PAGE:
Another alternative is to create what’s called a power purchase agreement (PPA), and in that case, the solar company will install the solar system at no cost to the chemical manufacturer, and then sell them the electricity at a fixed rate that is generally well lower than the rate that the local utility is charging.

In summary, you can pay cash and get a great internal rate of return, or you can either lease or enter into a PPA at rates that are lower than what utilities are charging.

Borrego Solar project on a Millipore Pharmaceuticals building outside of Boston, MA

Q: How do facilities decide if their property is ready to accommodate solar panels?

There are a couple of ways to install solar. One of the ways is on the rooftop. And, if you are going to install solar on the rooftop, you want to make sure that you have an unobstructed view toward the south. So if you have a bunch of trees or a 20-story tall building next to you that’s blocking the sun to the south, you’re not going to have a roof that’s good for solar.

You’ll also want to have a roof that is relatively new. Solar installations last 20 to 30 years and still continue to produce a huge amount of electricity, so if you have an old roof, you don’t want to install an array that’s going to last for 30 years on a roof that’s only going to last 10 more years. You’ll want to have a newer roof so you won’t have to take the solar modules off the rooftop, do your roof repair and then put it all back on.

The third factor is weight. You want to make sure that the roof can support a certain amount of weight before you install the solar panels. We have structural engineers that will take a look at the plant to make sure that the weight of the solar system can be supported by its rooftop. The final factor is that there needs to be some space on the rooftop. If you have a roof that’s covered in HVACs and other equipment, that’s not going to be as suitable as a wide-open roof with room to install the solar system.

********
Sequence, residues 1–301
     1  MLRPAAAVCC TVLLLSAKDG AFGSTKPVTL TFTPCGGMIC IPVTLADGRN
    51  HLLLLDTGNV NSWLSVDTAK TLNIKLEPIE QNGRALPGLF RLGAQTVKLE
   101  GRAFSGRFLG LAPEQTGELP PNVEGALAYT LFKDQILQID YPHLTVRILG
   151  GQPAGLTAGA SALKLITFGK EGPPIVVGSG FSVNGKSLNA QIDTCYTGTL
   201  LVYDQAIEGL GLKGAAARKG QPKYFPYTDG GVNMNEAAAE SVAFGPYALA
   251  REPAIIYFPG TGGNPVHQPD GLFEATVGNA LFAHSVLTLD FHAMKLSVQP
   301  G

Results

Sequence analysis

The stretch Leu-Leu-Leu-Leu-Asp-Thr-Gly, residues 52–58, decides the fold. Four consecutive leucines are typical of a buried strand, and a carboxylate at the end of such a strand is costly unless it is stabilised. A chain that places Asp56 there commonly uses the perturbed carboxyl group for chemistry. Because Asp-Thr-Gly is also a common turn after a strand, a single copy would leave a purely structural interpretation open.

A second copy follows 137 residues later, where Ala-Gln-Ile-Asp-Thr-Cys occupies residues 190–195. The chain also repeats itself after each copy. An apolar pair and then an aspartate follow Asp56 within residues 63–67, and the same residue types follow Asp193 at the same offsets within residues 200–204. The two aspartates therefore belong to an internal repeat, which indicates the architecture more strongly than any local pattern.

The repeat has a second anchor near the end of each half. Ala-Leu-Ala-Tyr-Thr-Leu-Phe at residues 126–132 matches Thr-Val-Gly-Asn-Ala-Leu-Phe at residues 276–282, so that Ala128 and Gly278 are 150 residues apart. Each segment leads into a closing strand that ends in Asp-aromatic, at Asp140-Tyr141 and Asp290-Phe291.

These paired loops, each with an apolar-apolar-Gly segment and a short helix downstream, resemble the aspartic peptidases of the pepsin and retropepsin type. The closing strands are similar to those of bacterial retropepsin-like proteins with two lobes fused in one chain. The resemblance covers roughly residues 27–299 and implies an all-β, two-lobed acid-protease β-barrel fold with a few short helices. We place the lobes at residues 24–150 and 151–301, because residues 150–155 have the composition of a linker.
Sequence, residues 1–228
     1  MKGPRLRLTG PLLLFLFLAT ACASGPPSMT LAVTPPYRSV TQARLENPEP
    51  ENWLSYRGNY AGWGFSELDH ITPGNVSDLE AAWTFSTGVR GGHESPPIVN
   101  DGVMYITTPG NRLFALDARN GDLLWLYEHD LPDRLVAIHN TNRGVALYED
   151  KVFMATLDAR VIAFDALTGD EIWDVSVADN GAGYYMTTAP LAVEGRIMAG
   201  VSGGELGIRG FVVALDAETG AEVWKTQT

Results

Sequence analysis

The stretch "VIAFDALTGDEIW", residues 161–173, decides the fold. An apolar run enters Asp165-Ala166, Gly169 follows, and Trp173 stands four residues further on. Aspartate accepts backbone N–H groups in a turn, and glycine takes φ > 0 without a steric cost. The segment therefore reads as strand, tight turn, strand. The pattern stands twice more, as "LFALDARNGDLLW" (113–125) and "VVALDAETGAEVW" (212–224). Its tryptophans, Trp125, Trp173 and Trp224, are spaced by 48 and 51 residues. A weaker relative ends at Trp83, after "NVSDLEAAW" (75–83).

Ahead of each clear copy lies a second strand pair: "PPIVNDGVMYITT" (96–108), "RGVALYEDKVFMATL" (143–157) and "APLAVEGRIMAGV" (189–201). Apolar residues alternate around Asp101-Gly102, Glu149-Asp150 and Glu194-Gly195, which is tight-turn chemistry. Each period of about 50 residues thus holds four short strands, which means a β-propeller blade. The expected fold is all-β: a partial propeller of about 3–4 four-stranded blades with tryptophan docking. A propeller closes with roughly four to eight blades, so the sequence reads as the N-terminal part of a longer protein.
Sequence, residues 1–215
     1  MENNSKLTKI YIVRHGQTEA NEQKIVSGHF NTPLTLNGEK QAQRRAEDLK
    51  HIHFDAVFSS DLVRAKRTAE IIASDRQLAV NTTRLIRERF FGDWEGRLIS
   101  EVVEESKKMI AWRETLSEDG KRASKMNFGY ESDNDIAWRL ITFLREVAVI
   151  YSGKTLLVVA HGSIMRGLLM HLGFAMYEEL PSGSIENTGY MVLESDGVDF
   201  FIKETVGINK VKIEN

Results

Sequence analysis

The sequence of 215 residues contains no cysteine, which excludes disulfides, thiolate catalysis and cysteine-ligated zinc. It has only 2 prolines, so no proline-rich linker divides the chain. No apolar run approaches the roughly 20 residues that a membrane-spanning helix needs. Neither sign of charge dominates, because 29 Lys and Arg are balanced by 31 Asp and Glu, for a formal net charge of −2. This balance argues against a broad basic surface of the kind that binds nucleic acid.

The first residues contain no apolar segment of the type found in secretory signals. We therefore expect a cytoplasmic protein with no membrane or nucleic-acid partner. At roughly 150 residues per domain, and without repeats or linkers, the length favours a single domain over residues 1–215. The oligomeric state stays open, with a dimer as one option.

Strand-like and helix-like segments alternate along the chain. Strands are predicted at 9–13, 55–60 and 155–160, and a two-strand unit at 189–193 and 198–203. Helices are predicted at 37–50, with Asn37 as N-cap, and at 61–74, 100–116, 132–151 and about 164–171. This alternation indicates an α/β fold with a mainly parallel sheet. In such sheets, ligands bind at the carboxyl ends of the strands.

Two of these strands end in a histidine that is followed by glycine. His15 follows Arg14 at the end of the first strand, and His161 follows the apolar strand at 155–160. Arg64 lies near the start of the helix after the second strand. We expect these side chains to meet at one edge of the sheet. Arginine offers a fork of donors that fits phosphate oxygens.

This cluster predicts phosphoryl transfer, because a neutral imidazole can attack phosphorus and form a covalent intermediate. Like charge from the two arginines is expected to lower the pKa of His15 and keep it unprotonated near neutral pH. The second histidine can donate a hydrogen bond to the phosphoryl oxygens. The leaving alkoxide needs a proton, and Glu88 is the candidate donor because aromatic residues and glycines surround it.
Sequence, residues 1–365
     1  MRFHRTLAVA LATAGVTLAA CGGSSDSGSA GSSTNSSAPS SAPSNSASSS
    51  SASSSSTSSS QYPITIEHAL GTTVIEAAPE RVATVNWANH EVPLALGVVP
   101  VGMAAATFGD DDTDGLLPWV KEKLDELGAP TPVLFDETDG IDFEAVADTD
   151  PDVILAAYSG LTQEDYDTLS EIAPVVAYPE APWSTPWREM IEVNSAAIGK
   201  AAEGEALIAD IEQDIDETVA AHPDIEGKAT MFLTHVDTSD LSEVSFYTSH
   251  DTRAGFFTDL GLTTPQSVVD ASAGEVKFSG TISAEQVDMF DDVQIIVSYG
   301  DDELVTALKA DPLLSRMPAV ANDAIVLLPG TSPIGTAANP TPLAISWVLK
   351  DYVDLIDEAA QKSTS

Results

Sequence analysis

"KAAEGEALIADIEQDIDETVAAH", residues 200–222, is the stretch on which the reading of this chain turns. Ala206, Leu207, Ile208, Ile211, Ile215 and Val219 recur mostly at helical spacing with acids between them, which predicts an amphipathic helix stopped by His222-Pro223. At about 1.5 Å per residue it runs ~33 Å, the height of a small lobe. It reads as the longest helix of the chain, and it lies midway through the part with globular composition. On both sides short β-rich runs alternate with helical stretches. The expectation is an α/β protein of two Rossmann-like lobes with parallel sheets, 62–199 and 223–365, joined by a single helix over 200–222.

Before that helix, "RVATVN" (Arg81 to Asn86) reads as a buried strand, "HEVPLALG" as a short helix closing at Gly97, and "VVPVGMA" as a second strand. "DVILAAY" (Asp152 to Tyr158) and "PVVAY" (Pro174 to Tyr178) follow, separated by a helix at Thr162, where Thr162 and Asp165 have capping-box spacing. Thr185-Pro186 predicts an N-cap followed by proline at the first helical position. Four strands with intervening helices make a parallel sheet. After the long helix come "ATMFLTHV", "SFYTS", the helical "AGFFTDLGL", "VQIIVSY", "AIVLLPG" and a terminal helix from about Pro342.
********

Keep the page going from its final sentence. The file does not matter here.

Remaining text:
So, you’ll need a newer roof with some space to install the solar, not a lot of obstructions, visibility toward the south, and a roof that supports the weight of the solar system if you want a rooftop installation.

In addition to rooftop installations, there are ground-mount options. If you have a chemical processing plant and you have a couple of acres that you own that are currently not be used, that would probably be the best way to go solar, because the ground-mount tracking systems will create the most electricity in the least amount of space and they are the least expensive to build.

You can either do a ground-mount tracker or a rooftop installation, and either of them would be a great option for a facility that’s manufacturing chemicals.

Another photo of the Borrego Solar project on the Millipore Pharmaceuticals building 

Q: Is there anything else that you would like to share with our readers?

A: In managing that plant that I worked for before I came to work at Borrego, I really looked closely at making that plant solar-powered, and it is something that I knew was going to contribute to cost savings while giving my company a competitive advantage over other companies that were making the same chemicals.

I think solar power is a good option to consider: an option that chemical plant owners aren’t necessarily thinking about right now. It’s great to get a chance to get the message out and talk to other people who are in the position that I was in, in order to get them thinking about the possibilities.

For more information on Borrego Solar, please visit